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Rwanda hopes to raise $1,000 GDP per capita before 2018

Growth slowed to 1.7 percent in the first quarter of 2017, from 8.9 percent in the same period last year. 2016 growth stood at 5.9 percent.

High expectations but with low preparations is a recipe for destruction. After they hype, there is always a need to go back to the drawing board to find the elements that will help steer the next level in steadily motion. It was and probably is expected that Rwanda’s economic growth is between 4.2 and 6.2 percent in 2017, but it may go through a struggle in its achievement process.

This has been echoed due to slowing public spending and the impact of drought on agricultural output, according to the World Bank.

Gross Domestic Product (GDP) growth is undercut by weak private sector investment, lower than expected returns from public and private investment in the hospitality sector in areas like conferences and exhibitions and a volatile external environment, the Bank said.

‘It is 6.2 percent and this seems quite hard to reach. The impact of drought on agriculture which affected the last quarter of 2016 and first quarter of 2017 will be an issue,’ the Bank’s senior economist for Rwanda, Aghassi Mkrtchyan’’ said.

At the launch of an economic update Aghassi said ‘the other issue is the fiscal restraint as government is very careful about debt sustainability…. That’s why we should not be expecting a lot of support to the economy from fiscal expenditure this year.’

The east African nation has posted strong growth rates in recent years fuelled by business friendly policies and inflows of foreign investment. The government has forecast 2017 growth at 6.2 percent and 6.8 percent next year.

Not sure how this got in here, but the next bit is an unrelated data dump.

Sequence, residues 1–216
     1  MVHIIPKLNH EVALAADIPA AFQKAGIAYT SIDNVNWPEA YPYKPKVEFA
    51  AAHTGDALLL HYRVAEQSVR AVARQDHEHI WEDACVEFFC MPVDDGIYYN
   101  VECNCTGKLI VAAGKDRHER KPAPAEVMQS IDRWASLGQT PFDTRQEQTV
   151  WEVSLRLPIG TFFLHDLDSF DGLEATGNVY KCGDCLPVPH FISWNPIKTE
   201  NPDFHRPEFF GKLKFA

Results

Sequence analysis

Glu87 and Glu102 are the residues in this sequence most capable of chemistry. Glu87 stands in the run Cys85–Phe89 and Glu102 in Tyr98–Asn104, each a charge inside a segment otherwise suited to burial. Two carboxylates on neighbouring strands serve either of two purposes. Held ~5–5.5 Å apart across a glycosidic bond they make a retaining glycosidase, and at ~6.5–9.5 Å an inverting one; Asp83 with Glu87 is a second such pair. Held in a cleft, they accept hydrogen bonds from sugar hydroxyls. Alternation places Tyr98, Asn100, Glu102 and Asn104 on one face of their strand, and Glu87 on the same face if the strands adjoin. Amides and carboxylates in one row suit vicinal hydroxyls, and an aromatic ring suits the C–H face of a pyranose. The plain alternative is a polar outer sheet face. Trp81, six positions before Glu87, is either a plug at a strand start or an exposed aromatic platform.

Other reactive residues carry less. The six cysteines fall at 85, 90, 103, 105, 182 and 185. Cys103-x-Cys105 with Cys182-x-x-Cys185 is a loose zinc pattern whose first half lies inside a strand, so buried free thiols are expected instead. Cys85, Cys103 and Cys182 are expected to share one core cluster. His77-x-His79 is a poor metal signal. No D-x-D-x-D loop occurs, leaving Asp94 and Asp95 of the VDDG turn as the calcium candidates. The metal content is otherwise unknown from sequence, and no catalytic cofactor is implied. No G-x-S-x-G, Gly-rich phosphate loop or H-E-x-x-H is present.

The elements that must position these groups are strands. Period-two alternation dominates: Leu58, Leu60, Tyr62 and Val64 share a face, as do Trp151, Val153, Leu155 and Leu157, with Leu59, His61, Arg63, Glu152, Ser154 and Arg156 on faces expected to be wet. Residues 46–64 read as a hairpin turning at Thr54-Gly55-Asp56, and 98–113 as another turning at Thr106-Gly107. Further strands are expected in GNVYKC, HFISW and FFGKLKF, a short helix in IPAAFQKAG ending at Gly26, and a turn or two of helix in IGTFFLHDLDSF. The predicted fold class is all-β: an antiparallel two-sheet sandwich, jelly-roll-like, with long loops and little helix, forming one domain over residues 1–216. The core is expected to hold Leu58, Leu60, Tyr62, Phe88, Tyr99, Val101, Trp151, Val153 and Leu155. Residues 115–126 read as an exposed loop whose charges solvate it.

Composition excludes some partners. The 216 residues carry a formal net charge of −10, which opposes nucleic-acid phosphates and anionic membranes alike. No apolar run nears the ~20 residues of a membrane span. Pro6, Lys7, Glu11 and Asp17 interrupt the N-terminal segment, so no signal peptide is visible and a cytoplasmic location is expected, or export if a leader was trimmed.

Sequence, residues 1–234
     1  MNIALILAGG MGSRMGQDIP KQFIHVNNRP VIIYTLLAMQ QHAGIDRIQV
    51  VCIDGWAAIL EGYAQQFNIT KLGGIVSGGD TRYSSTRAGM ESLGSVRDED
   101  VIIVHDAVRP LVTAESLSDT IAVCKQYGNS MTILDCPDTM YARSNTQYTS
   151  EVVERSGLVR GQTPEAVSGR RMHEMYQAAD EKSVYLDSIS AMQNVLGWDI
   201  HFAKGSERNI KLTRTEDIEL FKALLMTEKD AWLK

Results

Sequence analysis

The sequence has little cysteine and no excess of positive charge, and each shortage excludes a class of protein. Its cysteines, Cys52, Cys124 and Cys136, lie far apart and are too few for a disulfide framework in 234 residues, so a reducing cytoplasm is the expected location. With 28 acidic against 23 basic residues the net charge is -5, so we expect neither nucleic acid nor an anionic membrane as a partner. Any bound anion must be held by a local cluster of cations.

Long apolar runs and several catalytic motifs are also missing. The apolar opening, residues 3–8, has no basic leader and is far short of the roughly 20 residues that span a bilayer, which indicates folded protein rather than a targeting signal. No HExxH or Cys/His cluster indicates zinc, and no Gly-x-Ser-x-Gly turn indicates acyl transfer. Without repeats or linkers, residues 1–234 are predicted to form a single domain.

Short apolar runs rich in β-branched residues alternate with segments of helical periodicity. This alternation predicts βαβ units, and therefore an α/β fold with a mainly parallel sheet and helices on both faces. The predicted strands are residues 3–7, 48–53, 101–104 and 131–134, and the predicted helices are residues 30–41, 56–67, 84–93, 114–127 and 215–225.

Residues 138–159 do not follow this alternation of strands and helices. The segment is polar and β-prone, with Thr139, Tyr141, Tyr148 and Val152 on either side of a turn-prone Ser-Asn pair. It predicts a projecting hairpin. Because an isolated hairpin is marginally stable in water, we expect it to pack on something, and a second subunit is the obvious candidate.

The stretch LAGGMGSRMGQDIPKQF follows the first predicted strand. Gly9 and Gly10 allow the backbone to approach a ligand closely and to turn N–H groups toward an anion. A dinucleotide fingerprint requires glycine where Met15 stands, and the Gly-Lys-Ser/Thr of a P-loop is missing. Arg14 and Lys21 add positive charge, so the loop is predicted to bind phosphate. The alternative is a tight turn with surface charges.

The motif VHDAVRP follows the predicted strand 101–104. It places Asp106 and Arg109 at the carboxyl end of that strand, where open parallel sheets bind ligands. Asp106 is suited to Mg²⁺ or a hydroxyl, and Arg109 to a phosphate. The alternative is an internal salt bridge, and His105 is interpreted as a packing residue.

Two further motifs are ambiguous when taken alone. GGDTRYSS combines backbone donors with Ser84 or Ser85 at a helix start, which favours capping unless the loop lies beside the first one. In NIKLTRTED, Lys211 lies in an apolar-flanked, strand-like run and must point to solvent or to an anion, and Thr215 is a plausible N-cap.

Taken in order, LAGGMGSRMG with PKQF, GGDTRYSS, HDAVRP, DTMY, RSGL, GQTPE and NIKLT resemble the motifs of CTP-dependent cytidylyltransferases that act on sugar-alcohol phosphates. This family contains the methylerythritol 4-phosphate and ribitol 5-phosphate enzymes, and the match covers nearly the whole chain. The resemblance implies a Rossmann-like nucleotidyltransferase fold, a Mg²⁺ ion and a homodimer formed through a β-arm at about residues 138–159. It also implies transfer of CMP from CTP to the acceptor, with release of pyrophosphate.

As a country that has been putting up impressive economic performance despite its history of instability, Rwanda’s long term development goals, dubbed “Vision 2020” is in full force. It envisions to become a service-oriented and knowledge-based economy with a middle income status by 2020 from its low-income agriculture-based economy.

In the medium term, the East African nation is implementing the second Economic Development and Poverty Reduction Strategy (EDPRS2) to make this feasible. The focus of this strategy is to propel growth and reduce poverty through four thematic areas; economic transformation, rural development, productivity and youth employment, and accountable governance.

Before 2018, the country hopes to raise GDP per capita to $1,000; have less than 30 % of the population below the poverty line, and have less than 9 % of them living in extreme poverty.

 The World Bank said that these goals build on impressive developments successes over the last decade which include high growth, rapid poverty reduction and, since 2005, reduced inequality.

Growth slowed to 1.7 percent in the first quarter of 2017, from 8.9 percent in the same period last year. 2016 growth stood at 5.9 percent.

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